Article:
By Lindsay Steele
The Catholic Messenger
Saints Juan Diego, Joan of Arc, Teresa of Kolkata and other popular saints marched along the streets of West Liberty on Oct. 29. They weren’t the real saints, of course, just Catholic youths and adults inspired by the saints’ lives.
Dressed as their favorite saints, the group of about 50 Catholics walked from downtown West Liberty to the parish hall a few blocks away to celebrate the feast of All Saints.
“You look great,” one of the organizers, Rosemary Gonzalez, told the group at the start of the parade. “We’re going to live what we’ve been talking about the last few weeks, singing and sharing our faith.” She noted that they were celebrating the feast of All Saints a little early. The actual feast day, Nov. 1, commemorates officially proclaimed saints as well as holy men and women whom only God knows, who made Christ present in their lives and carried out God’s will.
The parade is a burgeoning tradition for St. Joseph Parish-West Liberty’s Rio de Aqua Viva Hispanic prayer group. Rosemary and her husband, Jose, who are enrolled in the Spanish Ministry Formation Program and lead ministry with the West Liberty prayer group, organized the parade last year as a way to help youths learn about saints while evangelizing to the community. Youths learn about a variety saints in the weeks leading up to the parade, and choose to dress up as their favorite.
One boy dressed as St. Francis of Assisi because he shared the saint’s love for animals. The boy helped West Liberty’s pastor, Father Greg Steckel, walk his dog along the route. Our Lady of Guadalupe, St. Rita and Holy Infant of Atocha (the Christ child depicted in a shawl and hat) were among other saints featured. Jessica Bautista, 14, dressed up as St. Philomena, a young consecrated virgin who died at the hands of a Roman emperor she refused to marry. “I like that everyone dresses up and is inspired by the saints’ stories,” Jessica said.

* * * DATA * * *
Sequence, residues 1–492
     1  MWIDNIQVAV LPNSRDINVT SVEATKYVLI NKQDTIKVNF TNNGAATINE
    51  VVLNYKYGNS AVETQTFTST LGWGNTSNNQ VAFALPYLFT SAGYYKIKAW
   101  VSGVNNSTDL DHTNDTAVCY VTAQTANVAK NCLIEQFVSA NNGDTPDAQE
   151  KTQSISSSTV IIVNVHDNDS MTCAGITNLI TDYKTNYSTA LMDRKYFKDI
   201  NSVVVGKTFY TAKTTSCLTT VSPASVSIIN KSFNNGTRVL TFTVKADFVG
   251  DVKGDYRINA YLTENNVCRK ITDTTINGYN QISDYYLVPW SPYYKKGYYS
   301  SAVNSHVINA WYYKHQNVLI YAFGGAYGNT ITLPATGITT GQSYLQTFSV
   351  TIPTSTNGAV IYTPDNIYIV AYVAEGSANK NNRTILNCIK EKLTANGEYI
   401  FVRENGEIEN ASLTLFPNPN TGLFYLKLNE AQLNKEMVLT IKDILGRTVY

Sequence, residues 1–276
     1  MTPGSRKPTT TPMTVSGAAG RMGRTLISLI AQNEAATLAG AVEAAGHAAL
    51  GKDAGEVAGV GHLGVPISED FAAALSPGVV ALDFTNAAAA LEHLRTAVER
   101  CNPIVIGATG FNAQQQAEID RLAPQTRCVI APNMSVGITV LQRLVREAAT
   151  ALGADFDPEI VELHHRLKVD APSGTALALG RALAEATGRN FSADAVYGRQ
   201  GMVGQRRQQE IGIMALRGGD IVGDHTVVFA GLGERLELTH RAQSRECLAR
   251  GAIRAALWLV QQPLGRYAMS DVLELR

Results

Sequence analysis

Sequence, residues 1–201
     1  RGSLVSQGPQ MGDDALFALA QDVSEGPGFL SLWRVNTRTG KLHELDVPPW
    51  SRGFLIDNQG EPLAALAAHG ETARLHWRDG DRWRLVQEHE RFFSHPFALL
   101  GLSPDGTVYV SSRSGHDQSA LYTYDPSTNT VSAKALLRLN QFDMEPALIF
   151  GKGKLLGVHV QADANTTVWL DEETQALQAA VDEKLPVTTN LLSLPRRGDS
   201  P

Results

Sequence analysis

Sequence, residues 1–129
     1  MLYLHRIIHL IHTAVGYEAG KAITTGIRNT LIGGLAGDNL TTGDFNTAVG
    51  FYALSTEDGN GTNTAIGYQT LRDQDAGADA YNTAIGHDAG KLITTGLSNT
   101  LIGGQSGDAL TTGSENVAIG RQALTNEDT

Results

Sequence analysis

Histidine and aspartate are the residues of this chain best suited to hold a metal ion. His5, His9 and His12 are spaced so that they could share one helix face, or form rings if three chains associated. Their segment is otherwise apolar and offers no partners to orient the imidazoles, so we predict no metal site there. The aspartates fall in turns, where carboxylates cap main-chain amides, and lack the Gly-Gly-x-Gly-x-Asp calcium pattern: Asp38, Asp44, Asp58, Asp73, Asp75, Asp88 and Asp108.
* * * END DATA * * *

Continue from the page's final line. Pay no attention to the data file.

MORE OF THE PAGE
Adults enjoyed dressing up, as well. One woman dressed as Santa Isabel de Ungary (St. Elizabeth of Hungary), complete with a basket of bread to commemorate the saint’s charitable life. Pope Francis — while not a saint at this time — also made an appearance. The pope’s “presence” put a smile on the face of Father Joseph Sia, the parish’s sacramental minister for Spanish-speaking Catholics.
After the parade, the group congregated in the parish hall for more saint-themed fun. Guests played musical chairs, saints bingo and helped break a piñata, all while enjoying pizza and potluck fare. Rosemary Gonzalez encouraged guests to talk about their saint and why they chose to dress up as that saint.
She offered some context on Halloween and the feast of All Saints. While Halloween began as a Christian holiday leading up to the feast day, modern secular traditions are far removed from Halloween’s religious origins, she said. She urged parents in the group to help make sure their families don’t lose sight of the saints among the hubbub of Halloween.
Quizzing the children, she asked why Catholics celebrate the feast of All Saints. “Because they did something great for the world, for God?” one girl answered. Rosemary responded, “Yes, they did great things. They helped the sick, helped the poor, lived a life of sainthood, followed in Jesus’ footsteps. …we need to celebrate the lives of people who did amazing things.”